Read a prospectus and summary prospectus (if available) carefully before investing. It contains the investment objective, risks charges, expenses and the other information, which should be considered carefully before investing. To obtain a prospectus and summary prospectus (if available) click here or call 800.820.0888.
Investing involves risk, including the possible loss of principal.
Guggenheim Investments represents the following affiliated investment management businesses of Guggenheim Partners, LLC: Guggenheim Partners Investment Management, LLC, Security Investors, LLC, Guggenheim Funds Distributors, LLC, Guggenheim Funds Investment Advisors, LLC, Guggenheim Partners Advisors, LLC, Guggenheim Corporate Funding, LLC, Guggenheim Partners Europe Limited, Guggenheim Partners Fund Management (Europe) Limited, Guggenheim Partners Japan Limited, GS GAMMA Advisors, LLC, and Guggenheim Partners India Management. Securities offered through Guggenheim Funds Distributors, LLC.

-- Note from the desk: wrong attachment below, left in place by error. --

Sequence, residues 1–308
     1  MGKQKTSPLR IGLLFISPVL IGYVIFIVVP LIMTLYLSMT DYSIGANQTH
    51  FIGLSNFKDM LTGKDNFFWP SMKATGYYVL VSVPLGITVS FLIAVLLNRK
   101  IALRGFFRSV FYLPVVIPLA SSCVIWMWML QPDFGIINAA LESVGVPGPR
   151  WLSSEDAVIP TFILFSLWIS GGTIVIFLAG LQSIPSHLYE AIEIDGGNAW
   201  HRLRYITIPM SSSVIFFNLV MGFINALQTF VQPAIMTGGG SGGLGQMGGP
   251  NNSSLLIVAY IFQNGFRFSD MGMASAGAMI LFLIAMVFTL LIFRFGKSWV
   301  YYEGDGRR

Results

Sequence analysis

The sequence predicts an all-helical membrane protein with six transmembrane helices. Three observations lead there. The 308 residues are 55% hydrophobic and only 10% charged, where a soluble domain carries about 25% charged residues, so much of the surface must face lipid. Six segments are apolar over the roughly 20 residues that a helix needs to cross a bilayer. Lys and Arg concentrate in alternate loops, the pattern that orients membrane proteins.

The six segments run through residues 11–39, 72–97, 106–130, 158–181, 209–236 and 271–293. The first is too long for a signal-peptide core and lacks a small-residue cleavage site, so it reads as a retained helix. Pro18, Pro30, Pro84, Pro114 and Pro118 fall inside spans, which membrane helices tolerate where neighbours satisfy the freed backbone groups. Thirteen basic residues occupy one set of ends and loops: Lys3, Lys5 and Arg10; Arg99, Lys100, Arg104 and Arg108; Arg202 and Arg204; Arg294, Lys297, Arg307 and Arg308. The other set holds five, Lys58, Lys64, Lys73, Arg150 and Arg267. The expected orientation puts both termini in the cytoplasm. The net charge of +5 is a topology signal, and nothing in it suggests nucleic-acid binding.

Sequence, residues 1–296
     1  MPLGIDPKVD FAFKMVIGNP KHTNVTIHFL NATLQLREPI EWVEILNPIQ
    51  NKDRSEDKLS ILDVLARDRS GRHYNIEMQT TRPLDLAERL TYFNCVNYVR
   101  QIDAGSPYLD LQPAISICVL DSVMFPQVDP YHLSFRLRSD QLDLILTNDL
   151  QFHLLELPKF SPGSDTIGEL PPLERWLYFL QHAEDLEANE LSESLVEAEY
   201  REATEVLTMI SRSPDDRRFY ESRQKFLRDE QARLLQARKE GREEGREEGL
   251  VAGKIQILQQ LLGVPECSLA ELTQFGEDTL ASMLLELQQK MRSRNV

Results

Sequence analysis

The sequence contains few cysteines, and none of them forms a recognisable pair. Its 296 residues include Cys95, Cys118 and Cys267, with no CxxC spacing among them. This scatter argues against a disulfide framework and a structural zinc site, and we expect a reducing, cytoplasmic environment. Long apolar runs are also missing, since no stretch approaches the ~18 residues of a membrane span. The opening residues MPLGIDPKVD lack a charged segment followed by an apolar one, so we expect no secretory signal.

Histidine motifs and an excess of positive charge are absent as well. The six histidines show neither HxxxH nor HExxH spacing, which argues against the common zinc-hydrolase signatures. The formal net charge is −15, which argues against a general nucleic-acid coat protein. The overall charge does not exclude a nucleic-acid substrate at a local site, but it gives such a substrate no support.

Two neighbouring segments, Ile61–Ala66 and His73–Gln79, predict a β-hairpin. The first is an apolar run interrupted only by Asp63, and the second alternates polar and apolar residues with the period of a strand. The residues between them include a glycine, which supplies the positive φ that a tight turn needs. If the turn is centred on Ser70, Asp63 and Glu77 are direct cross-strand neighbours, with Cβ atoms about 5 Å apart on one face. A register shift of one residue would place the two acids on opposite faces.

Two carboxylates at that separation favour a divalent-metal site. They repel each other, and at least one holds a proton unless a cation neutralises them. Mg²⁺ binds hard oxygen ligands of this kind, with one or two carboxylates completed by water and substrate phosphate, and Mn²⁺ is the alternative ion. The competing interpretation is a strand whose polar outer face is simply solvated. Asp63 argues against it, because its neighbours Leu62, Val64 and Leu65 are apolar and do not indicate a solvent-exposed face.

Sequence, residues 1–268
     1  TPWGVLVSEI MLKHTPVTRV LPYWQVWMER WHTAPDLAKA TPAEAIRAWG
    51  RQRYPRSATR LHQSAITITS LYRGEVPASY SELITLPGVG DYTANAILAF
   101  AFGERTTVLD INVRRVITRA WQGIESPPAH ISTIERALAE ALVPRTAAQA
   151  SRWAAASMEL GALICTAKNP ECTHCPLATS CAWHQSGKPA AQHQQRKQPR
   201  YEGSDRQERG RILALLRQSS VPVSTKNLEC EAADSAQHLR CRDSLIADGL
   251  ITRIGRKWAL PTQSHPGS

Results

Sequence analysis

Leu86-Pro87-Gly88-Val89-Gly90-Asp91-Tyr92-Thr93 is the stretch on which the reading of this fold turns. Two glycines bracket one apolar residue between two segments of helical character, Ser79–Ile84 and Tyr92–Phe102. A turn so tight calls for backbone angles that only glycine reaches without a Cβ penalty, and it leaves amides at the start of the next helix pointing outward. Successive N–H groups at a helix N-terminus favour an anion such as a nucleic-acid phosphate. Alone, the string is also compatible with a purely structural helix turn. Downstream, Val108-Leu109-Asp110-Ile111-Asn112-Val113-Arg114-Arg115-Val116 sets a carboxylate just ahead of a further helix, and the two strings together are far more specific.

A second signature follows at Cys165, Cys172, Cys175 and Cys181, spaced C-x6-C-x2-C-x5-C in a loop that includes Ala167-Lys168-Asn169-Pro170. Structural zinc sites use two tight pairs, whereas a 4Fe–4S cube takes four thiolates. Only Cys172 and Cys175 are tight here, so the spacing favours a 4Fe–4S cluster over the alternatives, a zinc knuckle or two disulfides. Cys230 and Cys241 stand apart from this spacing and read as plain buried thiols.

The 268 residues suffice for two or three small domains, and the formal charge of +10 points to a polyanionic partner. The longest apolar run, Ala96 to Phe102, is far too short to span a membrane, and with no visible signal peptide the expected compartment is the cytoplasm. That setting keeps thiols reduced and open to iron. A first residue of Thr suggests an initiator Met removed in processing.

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• Not FDIC Insured • No Bank Guarantee • May Lose Value